But the stories are also connected in less obvious ways. Take, for instance, the statistical refrain that runs through the volume. The protagonist of the first story works for the census bureau and is preoccupied with percentages and demographic data. The statistical frame of mind appears in other stories as well, like when the sewage engineer of the second story considers an educational game involving statistics about poverty, HIV, and access to utilities in South Africa. He and the protagonist of the final story each have a habit of mentally “tak[ing] a quick census” in social situations. Finally, Simeon in the third story shares with the protagonist of the first a desire to “learn the signs” that distinguish one “type” of black African from another and allow for mental categorization of the new South African populace: “Was he a Nigerian?” “What did a Malawian look like?”
More than anything, though, what unites the four characters in The Exploded View is a certain psychological cadence. Each protagonist exhibits a drive to disassemble his world into its constituent pieces. Simeon enacts this drive literally in his sculpture project titled Curiouser, for which he slices wooden animal carvings into thin cross-sections and reassembles them in unsettling new configurations — both hybrid zoological monstrosities and abstract, splayed-out “maps.” Likewise, the census taker reduces society to numbers; the sewage engineer carves up social responsibility into individualized segments; and the billboard constructor, as I’ve already mentioned, has a predilection for old-fashioned exploded-view diagrams.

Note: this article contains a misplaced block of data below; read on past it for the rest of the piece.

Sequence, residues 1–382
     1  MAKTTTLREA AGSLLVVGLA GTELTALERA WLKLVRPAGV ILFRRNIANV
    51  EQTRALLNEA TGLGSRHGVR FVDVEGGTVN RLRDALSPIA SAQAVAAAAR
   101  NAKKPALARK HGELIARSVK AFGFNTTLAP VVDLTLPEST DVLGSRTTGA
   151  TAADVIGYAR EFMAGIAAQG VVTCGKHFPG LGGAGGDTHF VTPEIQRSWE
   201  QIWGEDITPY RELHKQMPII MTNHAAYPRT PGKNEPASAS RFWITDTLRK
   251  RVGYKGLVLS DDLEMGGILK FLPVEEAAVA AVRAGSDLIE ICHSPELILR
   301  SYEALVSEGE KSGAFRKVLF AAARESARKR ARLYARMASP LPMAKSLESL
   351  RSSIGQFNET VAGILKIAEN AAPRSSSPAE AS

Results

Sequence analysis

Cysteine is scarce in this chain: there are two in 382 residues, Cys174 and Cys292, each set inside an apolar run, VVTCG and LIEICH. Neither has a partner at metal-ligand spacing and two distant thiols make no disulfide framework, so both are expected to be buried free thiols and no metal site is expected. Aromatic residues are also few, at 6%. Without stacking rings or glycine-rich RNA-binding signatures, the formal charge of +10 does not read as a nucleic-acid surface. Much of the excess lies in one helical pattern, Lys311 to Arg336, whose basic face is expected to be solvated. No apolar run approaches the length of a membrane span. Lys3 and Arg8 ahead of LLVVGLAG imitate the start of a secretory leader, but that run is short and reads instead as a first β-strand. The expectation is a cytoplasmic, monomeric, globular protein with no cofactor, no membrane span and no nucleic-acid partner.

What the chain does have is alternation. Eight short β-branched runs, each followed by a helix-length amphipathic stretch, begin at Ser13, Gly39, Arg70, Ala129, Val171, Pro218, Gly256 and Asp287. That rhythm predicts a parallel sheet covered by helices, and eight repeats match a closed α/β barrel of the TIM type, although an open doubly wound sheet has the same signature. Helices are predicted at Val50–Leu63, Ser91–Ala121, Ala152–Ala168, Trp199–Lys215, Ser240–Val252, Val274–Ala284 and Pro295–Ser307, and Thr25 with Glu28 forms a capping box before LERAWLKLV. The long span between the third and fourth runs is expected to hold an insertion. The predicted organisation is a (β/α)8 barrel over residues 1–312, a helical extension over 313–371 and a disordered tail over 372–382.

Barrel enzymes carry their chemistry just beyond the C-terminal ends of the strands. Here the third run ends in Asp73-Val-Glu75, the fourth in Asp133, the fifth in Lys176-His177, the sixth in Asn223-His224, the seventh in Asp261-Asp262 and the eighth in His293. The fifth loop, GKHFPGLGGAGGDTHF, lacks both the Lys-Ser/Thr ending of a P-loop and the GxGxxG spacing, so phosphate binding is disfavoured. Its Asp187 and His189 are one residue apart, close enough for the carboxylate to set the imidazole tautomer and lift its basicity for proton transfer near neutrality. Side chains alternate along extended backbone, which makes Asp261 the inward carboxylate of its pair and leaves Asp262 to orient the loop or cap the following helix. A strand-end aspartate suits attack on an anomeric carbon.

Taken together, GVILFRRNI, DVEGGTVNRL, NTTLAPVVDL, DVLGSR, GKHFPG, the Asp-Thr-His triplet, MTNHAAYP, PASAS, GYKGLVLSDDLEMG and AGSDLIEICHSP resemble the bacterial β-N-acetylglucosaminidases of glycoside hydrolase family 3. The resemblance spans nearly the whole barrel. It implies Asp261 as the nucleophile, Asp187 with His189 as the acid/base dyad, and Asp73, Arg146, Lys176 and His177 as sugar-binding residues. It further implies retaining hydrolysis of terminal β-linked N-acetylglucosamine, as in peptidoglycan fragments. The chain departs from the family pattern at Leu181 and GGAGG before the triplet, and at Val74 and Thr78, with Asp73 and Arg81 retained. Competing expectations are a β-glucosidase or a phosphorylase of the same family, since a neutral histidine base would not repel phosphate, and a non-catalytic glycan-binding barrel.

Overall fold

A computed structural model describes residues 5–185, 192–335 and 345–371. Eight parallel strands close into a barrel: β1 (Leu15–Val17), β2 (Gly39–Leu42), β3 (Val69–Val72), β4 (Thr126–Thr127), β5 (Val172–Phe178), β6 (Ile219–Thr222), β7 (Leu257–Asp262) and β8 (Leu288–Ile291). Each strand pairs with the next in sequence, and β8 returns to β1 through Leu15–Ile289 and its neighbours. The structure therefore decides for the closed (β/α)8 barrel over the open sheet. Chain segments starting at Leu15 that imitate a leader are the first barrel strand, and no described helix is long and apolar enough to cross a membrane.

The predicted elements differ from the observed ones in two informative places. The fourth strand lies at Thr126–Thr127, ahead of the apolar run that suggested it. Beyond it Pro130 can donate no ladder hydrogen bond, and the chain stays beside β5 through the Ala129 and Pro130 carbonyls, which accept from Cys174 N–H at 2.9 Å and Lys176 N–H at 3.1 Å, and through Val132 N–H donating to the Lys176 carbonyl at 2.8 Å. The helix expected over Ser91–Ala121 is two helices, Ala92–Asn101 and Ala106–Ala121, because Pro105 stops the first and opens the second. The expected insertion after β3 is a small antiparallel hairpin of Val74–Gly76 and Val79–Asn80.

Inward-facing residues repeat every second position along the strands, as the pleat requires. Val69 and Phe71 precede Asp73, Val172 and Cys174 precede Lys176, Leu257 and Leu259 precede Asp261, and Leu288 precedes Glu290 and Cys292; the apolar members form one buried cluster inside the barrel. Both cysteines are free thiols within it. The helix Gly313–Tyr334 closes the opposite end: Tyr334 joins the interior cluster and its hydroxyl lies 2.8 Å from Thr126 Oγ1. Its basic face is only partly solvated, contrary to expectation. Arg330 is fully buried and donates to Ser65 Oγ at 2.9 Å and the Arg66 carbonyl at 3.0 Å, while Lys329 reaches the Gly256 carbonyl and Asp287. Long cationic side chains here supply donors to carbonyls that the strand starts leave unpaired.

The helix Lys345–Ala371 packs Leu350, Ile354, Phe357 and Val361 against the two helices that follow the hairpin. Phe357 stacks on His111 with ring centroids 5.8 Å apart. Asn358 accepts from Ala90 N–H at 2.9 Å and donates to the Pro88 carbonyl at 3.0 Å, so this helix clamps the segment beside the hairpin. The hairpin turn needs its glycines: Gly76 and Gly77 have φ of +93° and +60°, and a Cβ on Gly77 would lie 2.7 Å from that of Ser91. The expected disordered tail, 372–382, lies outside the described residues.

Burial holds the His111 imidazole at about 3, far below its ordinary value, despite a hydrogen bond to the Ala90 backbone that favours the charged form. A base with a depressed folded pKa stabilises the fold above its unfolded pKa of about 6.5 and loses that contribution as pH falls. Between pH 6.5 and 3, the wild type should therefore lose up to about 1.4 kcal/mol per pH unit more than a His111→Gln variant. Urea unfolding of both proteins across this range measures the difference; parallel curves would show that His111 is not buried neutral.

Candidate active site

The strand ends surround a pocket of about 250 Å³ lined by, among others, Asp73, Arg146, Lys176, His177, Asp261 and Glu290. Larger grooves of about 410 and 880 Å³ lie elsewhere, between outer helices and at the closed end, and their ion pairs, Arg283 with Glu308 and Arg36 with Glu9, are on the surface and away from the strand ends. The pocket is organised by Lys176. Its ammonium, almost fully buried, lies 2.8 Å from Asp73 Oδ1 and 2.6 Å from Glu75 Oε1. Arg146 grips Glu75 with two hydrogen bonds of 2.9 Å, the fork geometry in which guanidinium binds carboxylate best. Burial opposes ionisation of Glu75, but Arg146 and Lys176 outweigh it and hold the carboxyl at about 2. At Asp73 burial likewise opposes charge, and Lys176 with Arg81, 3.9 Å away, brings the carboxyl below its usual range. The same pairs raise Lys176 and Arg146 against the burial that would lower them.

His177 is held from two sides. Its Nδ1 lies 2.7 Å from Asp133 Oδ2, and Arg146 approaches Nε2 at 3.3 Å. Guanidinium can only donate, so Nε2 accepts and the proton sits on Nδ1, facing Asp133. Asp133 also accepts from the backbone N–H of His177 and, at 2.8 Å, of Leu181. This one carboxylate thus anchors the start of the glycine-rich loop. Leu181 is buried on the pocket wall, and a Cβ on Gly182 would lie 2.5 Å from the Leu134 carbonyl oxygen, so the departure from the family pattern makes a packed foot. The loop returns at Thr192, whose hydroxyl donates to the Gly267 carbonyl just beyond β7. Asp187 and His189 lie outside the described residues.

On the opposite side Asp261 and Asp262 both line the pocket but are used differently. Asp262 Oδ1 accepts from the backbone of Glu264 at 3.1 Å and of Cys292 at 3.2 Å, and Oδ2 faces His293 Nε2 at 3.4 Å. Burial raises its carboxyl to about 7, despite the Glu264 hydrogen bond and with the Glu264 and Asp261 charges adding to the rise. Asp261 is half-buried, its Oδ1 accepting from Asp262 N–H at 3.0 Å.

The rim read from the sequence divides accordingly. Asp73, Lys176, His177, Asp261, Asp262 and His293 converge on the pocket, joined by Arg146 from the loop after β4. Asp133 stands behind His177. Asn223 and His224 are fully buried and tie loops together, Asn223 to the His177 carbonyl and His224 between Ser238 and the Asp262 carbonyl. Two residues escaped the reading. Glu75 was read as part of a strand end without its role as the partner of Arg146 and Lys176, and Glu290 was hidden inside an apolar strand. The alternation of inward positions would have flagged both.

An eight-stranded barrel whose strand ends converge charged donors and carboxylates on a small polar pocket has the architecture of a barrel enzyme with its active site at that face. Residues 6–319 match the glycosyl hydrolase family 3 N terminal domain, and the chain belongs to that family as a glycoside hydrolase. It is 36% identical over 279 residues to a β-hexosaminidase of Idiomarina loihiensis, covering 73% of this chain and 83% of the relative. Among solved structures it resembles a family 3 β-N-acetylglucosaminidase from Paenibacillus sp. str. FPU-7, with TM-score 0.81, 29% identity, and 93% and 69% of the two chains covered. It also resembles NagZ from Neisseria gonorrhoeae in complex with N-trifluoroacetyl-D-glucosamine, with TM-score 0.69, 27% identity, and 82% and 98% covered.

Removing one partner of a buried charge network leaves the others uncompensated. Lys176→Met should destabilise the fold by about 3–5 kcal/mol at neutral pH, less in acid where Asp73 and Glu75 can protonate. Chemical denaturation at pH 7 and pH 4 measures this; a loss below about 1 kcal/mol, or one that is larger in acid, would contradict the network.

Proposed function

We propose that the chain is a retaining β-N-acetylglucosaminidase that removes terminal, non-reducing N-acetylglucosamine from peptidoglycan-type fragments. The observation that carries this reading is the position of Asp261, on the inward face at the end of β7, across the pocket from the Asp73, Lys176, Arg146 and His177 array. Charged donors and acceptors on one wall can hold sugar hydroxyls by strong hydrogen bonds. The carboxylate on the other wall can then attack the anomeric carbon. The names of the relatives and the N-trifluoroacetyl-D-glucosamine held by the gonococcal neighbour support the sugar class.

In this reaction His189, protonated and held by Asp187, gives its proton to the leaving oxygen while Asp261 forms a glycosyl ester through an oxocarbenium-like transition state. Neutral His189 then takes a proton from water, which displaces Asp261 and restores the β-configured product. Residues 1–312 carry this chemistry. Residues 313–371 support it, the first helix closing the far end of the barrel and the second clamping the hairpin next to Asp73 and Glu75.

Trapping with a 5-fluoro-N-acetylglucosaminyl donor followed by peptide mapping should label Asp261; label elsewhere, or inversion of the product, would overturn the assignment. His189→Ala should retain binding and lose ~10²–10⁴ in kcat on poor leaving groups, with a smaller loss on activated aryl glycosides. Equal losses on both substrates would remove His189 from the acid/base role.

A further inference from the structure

Although with its all-male, majority-white cast, The Exploded View cannot be said to provide a truly representative cross-section of Johannesburg, the collection is, in all its schematic incompleteness, very suggestive of the social intricacies involved in the so-called New South Africa. In fact, the very holeyness of Vladislavić’s book is what makes it akin to traditional exploded-view diagrams, which are as much defined by objects as the gaps between them — (in)complete in and of themselves, and for this reason full of subtlety and intrigue. In this sense, The Exploded View uses disparate parts to allude to an elusive (indeed illusory) whole.
The schematic nature of this collection is perhaps what distinguishes Vladislavić from other writers who have used the short-story genre to portray a snapshot of a particular society at a particular place and time. James Joyce accomplished this brilliantly in Dubliners at the beginning of the twentieth century, as did Edward P. Jones in Lost in the City at the twentieth century’s end. However, unlike Dubliners and Lost in the City, which feature fifteen and fourteen stories respectively, The Exploded View contains only four, suggesting that Vladislavić is less interested than either Joyce or Jones in providing a complete cross-section of Johannesburg.